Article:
What do you do for marketing?
I have a trailer I did myself and am very proud of I designed a beautiful website, and try to blog fairly regularly. I do Facebook, Twitter, Pinterest, Goodreads—most of the things you’re supposed to do. And BearCat did some traditional publisher’s promo. I’ve done guest blog giveaways of my book, and am just finishing one on Goodreads. I do think that the promotion market, like the book market itself, is overwhelmed. It’s very difficult to become visible. But you still have to make an effort or you really look unprofessional. But how much of an effort is up to the individual author.
For somewhat more unique ideas, I’ve got several perfumes finished and will be do ongoing giveaway from my website during this blog tour. And in addition to the trailer, I did lovely poem videos with my main French translator, Jon McKenney. They’re in French and English with wonderful art of the period, and I did some with other public domain translations of the French, with music instead of Jon’s voice.
Have you always enjoyed writing?
Writing can be very painful. I’ve had lucky times when it flowed, when I was lost in the world and that was joyous. I enjoy plotting and thinking about my books. The first draft is usually agony. I love rewriting, just making it better and better.
Do you have any upcoming appearances that you would like to share with us?
Nothing upcoming, but this last summer I did several appearances on a panel called From Brush Strokes to Key Strokes: Novels about Art and Artists. There were four of us, all writing about artists and architects. Mary Burns, who wrote about Sargent in Portraits of an Artist, queried the local chapter of the Historical Novel Society, if any one else was writing about artists. It was pure chance that we were all writing about artists from roughly the same era, all of worked or studied in Paris. Michael Llewellyn wrote Creole Son, about the time Degas spent in New Orleans, and Ciji Ware wrote about the famous California architect, Julia Morgan, the first woman to graduate from the architectural school of the École des Beaux Arts. Her book is A Race to Splendor, set in San Francisco after the earthquake. What was really fun was that my fictional character could reference all of them, one way or another. Theo paints more like Degas than anyone else, though her father wants her to do portraits like Sargent, and she actually meets Julia Morgan in a scene in Floats the Dark Shadow. Small bits, but it helped unify the panel even more. Mary is working on a YouTube version, with our pictures and enough text to give the watcher an idea of the talk.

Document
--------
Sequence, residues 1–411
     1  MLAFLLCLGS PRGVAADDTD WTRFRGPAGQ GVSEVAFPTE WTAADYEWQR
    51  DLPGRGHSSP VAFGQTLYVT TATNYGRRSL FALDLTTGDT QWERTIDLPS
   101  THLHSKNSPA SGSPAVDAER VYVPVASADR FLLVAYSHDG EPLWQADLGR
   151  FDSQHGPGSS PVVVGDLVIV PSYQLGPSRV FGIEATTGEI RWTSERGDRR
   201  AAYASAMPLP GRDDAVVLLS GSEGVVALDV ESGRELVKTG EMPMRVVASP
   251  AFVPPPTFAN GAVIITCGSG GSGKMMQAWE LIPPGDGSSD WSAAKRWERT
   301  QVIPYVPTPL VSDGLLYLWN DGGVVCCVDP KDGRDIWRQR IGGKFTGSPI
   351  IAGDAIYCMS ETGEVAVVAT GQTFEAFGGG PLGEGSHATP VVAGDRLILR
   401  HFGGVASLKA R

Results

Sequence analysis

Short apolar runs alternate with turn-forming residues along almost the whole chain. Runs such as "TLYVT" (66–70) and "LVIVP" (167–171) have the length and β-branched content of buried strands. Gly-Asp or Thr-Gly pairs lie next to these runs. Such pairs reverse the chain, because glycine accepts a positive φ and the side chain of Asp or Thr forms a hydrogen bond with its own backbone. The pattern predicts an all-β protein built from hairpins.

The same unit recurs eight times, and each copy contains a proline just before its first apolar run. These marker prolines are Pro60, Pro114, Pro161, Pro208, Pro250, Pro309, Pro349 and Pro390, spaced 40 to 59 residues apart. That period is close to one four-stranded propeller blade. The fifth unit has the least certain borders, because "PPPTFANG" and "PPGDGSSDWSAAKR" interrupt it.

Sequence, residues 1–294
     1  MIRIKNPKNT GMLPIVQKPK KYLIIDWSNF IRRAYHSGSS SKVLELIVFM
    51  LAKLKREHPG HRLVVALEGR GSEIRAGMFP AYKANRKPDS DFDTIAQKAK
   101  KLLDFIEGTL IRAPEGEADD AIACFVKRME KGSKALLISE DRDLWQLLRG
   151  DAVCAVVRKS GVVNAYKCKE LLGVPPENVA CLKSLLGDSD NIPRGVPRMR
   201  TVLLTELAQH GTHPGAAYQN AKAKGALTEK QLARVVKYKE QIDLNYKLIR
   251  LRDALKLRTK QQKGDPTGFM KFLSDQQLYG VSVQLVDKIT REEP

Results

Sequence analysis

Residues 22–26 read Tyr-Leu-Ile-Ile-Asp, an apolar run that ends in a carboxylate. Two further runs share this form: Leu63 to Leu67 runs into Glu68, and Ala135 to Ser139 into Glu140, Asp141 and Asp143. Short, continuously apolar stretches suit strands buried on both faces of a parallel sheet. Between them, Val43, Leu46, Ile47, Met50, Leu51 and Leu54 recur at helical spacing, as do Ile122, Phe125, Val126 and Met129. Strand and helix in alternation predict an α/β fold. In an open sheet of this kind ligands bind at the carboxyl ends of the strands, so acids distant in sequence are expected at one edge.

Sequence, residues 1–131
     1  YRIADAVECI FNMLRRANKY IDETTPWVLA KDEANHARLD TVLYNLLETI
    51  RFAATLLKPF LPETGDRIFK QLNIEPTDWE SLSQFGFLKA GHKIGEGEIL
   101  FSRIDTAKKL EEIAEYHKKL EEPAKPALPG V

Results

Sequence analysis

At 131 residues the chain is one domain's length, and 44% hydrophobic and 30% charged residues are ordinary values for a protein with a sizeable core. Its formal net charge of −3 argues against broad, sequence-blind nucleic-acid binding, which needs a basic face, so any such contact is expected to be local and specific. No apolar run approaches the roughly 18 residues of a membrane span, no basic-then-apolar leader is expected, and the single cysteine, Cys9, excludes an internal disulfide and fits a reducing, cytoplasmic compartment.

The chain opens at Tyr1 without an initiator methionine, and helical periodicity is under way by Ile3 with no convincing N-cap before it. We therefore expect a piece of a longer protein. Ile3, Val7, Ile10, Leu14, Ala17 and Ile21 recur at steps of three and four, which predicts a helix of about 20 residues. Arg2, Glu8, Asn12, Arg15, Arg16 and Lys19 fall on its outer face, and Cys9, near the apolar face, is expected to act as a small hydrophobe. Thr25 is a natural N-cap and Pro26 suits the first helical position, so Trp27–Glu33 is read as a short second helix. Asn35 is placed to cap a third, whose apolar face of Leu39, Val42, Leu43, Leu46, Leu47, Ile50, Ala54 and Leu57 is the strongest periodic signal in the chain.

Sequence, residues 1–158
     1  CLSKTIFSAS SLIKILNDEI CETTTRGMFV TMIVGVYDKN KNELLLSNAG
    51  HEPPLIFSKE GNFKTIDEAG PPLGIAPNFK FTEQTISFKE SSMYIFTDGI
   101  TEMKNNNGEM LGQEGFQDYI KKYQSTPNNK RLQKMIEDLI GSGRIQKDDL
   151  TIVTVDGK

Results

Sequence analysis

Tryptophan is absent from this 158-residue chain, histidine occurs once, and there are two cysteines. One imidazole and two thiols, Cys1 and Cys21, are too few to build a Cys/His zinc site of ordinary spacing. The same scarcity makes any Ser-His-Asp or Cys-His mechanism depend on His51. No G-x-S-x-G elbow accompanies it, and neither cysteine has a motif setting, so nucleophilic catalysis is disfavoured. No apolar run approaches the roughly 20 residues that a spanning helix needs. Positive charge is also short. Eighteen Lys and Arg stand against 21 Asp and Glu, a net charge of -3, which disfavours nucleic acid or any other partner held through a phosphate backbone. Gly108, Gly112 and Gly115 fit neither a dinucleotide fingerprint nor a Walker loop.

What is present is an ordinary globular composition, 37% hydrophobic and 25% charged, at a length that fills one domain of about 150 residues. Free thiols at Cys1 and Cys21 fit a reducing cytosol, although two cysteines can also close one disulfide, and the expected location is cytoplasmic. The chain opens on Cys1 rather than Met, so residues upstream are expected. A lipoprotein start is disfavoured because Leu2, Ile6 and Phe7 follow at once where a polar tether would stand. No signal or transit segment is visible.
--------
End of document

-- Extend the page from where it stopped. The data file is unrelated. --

Do you find the time to read?
Nowhere near as much as I’d like to.
Did you learn anything from writing this book and what was it?
Eudora Welty said that every book teaches you how to write that book. Of course you learn with each book, but each new one is terrifying as well as exciting. In Shadow, I learned my characters, who’ll be with me for the series. I learned about controlling backstory, or continued to learn, since I really like backstory, and flashbacks, that a lot of modern readers are impatient with, and have to avoid over-indugence. My romances often had mystery elements, so I’d worked with planting clues. Ending a series mystery was different, and was difficult.
Buy Now @ Amazon
Genre – Historical Mystery
Rating – R